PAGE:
Its up and dowu bearings to scan," &c.—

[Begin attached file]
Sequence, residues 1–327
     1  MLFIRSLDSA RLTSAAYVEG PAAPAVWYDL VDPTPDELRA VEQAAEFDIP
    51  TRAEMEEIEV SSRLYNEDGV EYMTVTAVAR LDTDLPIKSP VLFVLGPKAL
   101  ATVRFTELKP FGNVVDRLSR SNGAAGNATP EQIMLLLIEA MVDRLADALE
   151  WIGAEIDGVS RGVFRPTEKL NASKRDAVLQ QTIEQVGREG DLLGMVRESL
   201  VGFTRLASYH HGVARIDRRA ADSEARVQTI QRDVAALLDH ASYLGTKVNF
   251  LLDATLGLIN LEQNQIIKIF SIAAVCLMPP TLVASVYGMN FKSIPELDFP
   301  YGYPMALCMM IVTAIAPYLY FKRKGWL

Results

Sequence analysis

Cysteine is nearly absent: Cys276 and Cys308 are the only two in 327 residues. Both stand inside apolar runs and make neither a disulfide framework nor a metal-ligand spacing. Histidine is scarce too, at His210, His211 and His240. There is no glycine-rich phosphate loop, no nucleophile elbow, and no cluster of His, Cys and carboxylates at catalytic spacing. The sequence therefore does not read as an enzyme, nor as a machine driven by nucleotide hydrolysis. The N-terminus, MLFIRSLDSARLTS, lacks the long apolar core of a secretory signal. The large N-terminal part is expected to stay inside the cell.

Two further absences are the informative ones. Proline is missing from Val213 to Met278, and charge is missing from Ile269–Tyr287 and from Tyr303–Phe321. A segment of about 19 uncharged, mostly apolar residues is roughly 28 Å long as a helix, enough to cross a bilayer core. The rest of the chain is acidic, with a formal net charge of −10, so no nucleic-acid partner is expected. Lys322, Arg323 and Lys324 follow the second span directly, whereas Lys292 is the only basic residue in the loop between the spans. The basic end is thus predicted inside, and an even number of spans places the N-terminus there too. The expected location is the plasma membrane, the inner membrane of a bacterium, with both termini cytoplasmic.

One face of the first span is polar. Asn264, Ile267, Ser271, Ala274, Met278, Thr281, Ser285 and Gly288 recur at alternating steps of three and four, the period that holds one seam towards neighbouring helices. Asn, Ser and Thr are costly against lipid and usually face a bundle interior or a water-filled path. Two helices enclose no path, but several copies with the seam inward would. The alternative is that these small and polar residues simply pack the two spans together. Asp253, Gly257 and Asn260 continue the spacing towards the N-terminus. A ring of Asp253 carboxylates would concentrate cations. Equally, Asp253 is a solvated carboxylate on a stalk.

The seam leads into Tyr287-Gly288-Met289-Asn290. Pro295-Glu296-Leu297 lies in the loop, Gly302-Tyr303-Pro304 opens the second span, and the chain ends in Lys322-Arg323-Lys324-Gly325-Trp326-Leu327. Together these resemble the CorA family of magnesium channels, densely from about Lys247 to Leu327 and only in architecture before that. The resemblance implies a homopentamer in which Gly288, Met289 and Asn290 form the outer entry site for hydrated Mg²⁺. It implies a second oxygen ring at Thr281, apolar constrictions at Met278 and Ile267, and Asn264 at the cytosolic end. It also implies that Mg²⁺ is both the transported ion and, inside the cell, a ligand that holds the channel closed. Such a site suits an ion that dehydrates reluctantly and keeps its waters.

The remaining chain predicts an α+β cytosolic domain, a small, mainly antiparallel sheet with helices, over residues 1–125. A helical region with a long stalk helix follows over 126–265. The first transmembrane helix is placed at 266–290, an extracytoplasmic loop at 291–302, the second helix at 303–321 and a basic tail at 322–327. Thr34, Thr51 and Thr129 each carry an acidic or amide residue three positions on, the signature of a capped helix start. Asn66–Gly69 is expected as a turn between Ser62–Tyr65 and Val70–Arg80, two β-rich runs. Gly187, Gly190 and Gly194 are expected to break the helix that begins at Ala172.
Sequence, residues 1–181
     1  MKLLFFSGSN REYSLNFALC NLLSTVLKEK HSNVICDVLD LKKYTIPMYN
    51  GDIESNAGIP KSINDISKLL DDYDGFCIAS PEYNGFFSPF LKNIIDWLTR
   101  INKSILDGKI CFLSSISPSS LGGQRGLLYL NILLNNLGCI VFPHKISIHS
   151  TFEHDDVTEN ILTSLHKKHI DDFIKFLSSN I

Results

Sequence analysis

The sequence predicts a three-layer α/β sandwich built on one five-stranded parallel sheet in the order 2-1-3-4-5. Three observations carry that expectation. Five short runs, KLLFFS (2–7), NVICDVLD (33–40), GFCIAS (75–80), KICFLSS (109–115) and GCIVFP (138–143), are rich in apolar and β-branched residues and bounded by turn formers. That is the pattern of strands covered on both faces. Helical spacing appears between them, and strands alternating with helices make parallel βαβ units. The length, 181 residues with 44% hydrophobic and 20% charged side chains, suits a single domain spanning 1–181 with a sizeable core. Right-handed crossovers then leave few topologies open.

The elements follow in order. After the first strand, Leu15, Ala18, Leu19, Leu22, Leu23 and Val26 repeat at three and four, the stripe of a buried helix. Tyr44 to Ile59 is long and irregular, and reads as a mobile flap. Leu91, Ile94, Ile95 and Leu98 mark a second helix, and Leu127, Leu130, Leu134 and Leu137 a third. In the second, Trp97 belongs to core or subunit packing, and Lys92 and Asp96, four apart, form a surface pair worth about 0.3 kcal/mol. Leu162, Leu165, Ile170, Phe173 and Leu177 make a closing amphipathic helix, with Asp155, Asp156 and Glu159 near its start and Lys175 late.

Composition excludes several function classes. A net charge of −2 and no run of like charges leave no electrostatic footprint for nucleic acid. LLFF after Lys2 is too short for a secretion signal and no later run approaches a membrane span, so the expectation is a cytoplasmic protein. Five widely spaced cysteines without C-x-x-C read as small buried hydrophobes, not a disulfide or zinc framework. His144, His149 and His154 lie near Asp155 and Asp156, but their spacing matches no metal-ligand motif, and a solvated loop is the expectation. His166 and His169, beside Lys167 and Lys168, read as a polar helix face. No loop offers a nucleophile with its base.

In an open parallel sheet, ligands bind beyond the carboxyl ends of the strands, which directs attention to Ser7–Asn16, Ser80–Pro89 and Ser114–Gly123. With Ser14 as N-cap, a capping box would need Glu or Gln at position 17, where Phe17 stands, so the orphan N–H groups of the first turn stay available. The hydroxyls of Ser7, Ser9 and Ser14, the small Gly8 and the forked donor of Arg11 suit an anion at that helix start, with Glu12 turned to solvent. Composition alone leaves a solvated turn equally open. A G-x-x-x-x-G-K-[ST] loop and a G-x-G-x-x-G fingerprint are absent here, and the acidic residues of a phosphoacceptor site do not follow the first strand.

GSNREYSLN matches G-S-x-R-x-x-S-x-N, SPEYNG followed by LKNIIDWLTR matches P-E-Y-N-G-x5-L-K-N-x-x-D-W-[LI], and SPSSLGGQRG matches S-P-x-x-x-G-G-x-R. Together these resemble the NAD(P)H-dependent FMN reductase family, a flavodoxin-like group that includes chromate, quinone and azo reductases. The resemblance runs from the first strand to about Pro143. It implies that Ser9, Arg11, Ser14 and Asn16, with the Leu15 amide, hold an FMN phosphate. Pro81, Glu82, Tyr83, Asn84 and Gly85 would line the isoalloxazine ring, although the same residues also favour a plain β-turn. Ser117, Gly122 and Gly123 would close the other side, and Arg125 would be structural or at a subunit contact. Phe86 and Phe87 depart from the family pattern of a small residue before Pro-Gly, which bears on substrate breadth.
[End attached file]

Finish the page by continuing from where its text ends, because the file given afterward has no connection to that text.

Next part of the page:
we may also infer that, while in Bath, he had turned his attention to the stage; and set to work with his Brush to "rub off" cares and troubles. His name is not to be found in Pye's Birmingham Directory for 1785; but we may suppose that he shortly afterwards made his appearance in that town, as we find among his verses an "Impromptu, on hearing the youngand beautiful Mrs. Second sing, at the Musical Festival in Birmingham, for the Benefit of the General Hospital there,"—this lady being one of the vocalists engaged at the Festival of 1793. We find his name, "Collins, John, Great-Brook Street," in the Directory for 1797 ; since which, and the previous one, a period of six years had elapsed. It was in that street, indeed, nearly opposite the church at Ashted—and not Camden Street, though he may have subsequently removed there—that he is known to have lived; and he was editor, and part proprietor j with Mr. Swinney, of the Birmingham Chronicle, ! under the firm of Swinney & Collins. This paper I was subsequently purchased, or at least edited, by I Mr. Joseph Lovell, a pin-maker in the town. I | mention the fact as possessing some interest: this I gentleman having been the son of Robert Lovell, the Pantisocrat of former days, the early friend and brother-in-law of Coleridge and Soutbey, who were consequently the uncles of our Birmingham editor. Lovell also became a resident in Great Brook Street, where he died. Collins had no family : his wife, remembered as a handsome woman, suffered from that fearful malady a cancer in the breast, and never rallied from au operation for its removal. His portrait—the chief characteristic of which is so happily hit off by Mb. Pvnkbrton— is, as I have been informed by contemporaries, an admirable likeness. 1 believe that the Brush was never published. There is also a theatrical portrait of him in the character of Master Slender. Several copies of mnemonical lines on English history have appeared in these pages. The following by Collins, are illustrative of his manner, and will be read with interest. I transcribe them from the probably unique original broadside in the possession of Mr. William Hodgetts, an in-! telligent printer of Birmingham, who knew Collins 1 personally; and whose portfolios are not more crammed with literary and artistic scraps of rarity and local value, than his head is full of the unprinted traditions and memories —the "trivial fond records"—of a long and active life wholly devoted to letters. Why does not such a man provide against the prospective loss of the vast mass of facts he has accumulated, by embodying them in an autobiography or local chronicle? But this by the way. The document is as follows : —